Beyoncé and Jay-Z, together for the first time in an ad campaign for Tiffany & Co., it’s fair to say there is a third star in the spots: a never-before-seen painting by Jean-Michel Basquiat in the jeweler’s signature robin egg blue.
Tiffany recently acquired the spectacular artwork, which had been in the possession of a private collector since the early 1980s, adding another surprise and layer of storytelling to a vast, yet nuanced advertising effort, which is to break in print next month.
Now controlled by LVMH Moët Hennessy Louis Vuitton, Tiffany is putting major firepower behind the yearlong campaign featuring the Carters, which includes a short film that depicts Beyoncé singing “Moon River” to her husband. It’s destined for major exposure in the coming months, including a takeover of all the digital billboards in New York’s Times Square.
Unveiling the first campaign image exclusively to WWD, Alexandre Arnault, Tiffany’s executive vice president of products and communications, also told the back story of the project in his first sit-down interview since joining the historic New York jeweler last January.
The ads mark the first time the two music superstars will appear together in a campaign and the first time the famous Tiffany Diamond — with its 128.54 carats and 82 facets — will feature in one. Only three other women — Mary Whitehouse, Audrey Hepburn and Lady Gaga — have ever worn the famous gemstone, which was unearthed in South Africa in 1877.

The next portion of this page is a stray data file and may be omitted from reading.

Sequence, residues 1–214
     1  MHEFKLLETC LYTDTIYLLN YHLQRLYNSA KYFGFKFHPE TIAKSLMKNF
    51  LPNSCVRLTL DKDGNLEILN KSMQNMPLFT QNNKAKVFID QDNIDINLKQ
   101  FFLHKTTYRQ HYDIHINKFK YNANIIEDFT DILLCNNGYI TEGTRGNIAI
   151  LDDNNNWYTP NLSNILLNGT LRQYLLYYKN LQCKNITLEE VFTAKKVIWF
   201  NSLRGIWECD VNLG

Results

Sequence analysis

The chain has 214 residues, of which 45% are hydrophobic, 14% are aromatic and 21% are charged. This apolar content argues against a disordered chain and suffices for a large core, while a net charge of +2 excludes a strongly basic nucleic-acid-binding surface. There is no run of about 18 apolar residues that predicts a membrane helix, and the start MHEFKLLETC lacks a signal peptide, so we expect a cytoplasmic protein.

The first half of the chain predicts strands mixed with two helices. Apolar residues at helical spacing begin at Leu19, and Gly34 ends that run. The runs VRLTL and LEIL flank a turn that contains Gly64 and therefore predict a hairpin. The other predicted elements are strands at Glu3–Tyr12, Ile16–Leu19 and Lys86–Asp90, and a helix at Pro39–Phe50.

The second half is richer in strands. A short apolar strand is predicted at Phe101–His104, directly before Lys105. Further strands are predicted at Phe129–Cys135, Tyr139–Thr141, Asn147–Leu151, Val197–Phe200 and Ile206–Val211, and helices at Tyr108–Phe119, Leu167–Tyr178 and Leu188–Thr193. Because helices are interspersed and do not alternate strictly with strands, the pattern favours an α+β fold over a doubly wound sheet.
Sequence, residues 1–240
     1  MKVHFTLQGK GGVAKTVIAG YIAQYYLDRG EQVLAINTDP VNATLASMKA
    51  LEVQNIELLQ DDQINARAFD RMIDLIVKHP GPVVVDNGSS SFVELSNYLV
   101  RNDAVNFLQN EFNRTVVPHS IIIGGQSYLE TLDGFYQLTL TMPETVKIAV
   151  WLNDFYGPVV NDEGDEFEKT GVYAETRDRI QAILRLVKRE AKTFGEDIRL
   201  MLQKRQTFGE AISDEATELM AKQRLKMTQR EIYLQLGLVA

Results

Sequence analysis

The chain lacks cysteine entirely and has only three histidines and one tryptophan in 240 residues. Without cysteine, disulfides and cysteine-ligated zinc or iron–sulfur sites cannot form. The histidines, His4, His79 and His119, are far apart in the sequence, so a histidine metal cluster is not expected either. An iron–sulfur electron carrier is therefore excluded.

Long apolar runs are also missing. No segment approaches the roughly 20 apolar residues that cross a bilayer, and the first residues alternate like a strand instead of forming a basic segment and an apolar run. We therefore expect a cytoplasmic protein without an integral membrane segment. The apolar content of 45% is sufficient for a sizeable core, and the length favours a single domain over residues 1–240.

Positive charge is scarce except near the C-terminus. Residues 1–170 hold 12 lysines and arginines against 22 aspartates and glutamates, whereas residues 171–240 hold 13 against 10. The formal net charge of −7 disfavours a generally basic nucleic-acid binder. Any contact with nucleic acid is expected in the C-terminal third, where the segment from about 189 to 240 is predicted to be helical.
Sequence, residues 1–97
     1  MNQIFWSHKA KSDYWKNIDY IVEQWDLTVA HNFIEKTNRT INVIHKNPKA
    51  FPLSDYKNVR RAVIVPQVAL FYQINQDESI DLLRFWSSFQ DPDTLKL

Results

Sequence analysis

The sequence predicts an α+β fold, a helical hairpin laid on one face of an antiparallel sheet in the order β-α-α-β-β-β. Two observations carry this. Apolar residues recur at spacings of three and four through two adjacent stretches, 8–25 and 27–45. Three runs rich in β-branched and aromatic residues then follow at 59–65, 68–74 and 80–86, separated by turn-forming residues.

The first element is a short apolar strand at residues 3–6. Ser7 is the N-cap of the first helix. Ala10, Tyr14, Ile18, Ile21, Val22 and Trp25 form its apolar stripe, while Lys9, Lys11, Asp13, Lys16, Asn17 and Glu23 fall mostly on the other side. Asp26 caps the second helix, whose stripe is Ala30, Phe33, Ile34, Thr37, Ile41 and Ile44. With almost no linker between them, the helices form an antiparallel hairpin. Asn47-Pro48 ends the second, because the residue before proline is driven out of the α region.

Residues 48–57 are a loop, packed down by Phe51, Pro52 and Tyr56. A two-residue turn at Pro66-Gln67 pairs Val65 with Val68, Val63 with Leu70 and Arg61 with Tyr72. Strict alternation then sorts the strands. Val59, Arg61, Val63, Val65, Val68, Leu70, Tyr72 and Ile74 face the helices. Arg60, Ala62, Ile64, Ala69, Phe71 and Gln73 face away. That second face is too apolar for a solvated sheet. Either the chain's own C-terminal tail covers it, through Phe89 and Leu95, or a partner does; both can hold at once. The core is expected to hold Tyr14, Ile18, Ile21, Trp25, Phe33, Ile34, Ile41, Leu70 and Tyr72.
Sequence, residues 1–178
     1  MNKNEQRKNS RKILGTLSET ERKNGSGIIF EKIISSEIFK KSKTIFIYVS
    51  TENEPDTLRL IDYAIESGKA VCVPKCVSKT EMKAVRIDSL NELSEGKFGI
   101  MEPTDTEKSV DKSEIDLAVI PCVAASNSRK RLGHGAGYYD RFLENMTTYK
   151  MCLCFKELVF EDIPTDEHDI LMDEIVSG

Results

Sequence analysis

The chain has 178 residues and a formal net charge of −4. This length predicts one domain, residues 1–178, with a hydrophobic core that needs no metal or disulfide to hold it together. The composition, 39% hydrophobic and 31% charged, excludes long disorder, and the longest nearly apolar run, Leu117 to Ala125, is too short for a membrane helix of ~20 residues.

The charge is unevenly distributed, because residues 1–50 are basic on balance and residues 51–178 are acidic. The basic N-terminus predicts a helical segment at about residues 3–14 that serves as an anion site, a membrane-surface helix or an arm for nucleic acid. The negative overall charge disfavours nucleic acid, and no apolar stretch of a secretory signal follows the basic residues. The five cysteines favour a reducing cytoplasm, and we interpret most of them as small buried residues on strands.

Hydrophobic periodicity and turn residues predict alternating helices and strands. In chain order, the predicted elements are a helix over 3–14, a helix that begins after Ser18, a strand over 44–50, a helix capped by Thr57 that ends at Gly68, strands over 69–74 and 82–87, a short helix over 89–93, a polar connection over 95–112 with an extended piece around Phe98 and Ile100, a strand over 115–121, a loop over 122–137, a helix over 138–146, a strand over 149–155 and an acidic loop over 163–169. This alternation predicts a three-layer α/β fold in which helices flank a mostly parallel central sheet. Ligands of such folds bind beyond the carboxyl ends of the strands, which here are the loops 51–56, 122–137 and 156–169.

It’s also tantamount to a record release, with Beyoncé debuting her own interpretation and arrangement of the famous song from the 1961 movie “Breakfast at Tiffany’s” as Jay-Z filmed her with a Super 8 camera. For the film, or call it a music video, she conscripted director Emmanuel Adjei, the co-director and creative collaborator of Beyoncé’s acclaimed musical film “Black Is King.”
Meanwhile, the Basquiat painting, dating from 1982 and titled “Equals Pi,” ties a neat ribbon around a spectacular talent package, being a legendary New York artist that the Carters also admire, relate to — and collect.
“We don’t have any literature that says he made the painting for Tiffany,” Arnault related over Zoom. “But we know a little bit about Basquiat. We know his family. We did an exhibition of his work at the Louis Vuitton Foundation a few years back. We know he loved New York, and that he loved luxury and he loved jewelry. My guess is that the [blue painting] is not by chance. The color is so specific that it has to be some kind of homage.
“As you can see, there is zero Tiffany blue in the campaign other than the painting,” he added, noting that the artwork will ultimately take up permanent residence in Tiffany’s flagship boutique on New York City’s Fifth Avenue, currently undergoing renovation. “It’s a way to modernize Tiffany blue.” (Continue Reading)